I caught up to Chris on the other side of it, and we sat on a curb and looked at each other’s hollowed eyes and burnt skin and the rib cages we could see through the jerseys. We laughed from exhaustion and threw in the towel, splurging on a hotel for the night.
It was a wonderful ten hours of deep and dreamless sleep, and it gave us new confidence as we mounted our bikes. We adjusted our distance targets to just over 70 a day, and the new goal spread a sense of relief through my body. Privately, each of us also decided we were going to stop cursing the hills. We were going to find a way to enjoy this.
I spent the climbs that day thinking of the views that awaited me at the top, the speedy downhill races exulting in the way the wind cooled my body and cleared the sweat from my face. I could enjoy the beauty of the mountains now, their drama, take pleasure in taste testing the water from the deep mountain springs tapped next to the road. I could look over the pale canvas of the horizon, with the blue of the black sea melting into the hazy sky without a line, only a gradient of white mist, and smile. They were the best days of bike touring I have had on this trip.
Once I had the mindset right, nothing could quell my happiness in the simplicity of those days. Not that there weren’t problems. On day five, I crashed my bike hard off the road, vaulting over the handlebars and hitting the top of my head so hard on a dirt bank that I sat in the in the muddy ditch for five minutes listening to the symphony of the birds. I must have hit the right spot, because it really was one of the most beautiful things I have ever heard. My first task on day 6 was to pull a tick off my groin, and I prayed that this one didn’t have Lyme disease, and marveled and just how disgusting my body had become. Later that day, the heat was so bad that it melted fresh tar on the roads, which accumulated on our tires in a half in layer that jammed them under the mudguards. We had to stop every few kilometers to scrape it off.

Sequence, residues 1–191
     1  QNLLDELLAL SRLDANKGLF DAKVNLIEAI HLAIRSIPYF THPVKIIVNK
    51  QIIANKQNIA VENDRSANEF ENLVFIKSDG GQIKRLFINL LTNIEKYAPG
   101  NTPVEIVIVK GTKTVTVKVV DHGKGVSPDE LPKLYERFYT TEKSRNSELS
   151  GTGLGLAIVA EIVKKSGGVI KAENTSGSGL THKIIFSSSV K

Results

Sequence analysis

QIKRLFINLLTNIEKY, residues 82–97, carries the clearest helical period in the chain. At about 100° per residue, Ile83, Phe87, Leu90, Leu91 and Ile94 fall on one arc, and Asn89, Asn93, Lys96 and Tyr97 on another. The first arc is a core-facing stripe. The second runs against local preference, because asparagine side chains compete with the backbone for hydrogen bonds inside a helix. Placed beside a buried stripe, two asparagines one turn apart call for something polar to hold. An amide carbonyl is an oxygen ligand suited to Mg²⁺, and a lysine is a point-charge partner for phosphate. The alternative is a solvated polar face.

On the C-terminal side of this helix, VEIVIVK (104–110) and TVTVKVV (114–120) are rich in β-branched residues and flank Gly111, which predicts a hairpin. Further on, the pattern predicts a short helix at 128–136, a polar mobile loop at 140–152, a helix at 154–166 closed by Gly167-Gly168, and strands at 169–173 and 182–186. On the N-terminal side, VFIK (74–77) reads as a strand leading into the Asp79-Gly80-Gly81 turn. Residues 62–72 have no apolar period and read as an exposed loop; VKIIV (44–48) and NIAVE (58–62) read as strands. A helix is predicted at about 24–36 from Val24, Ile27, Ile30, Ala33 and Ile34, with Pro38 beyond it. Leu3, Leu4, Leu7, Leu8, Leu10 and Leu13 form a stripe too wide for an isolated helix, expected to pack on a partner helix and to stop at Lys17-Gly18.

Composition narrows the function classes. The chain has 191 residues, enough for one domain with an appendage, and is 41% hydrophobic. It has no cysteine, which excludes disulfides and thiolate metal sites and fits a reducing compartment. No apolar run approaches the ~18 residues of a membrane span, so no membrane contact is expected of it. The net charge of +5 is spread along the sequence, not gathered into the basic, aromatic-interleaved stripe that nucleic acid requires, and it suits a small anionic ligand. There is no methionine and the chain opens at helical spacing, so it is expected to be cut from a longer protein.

But there are always problems. That’s why most people take a car. But it was all worth it. Every night, we’d find a campsite more gorgeous than the last and watch the sun come down over the sea behind the boiling pot of pasta. We’d lay down in the long grass and watch the stars come out, so brilliant and clean, and you could see a satellite go over every minute or less. We stopped to enjoy the towns were passing through for lunch, and always took the locals up on their incessant offers of Chai.
Those mountains were a turning point for us; they were the greatest physical challenge we have yet faced. They were a lesson in stoicism and optimism. If nothing else, I know that the fresh challenge brought Chris and I closer on this adventure, and prepared for some of the greater challenges of discomfort that lay ahead.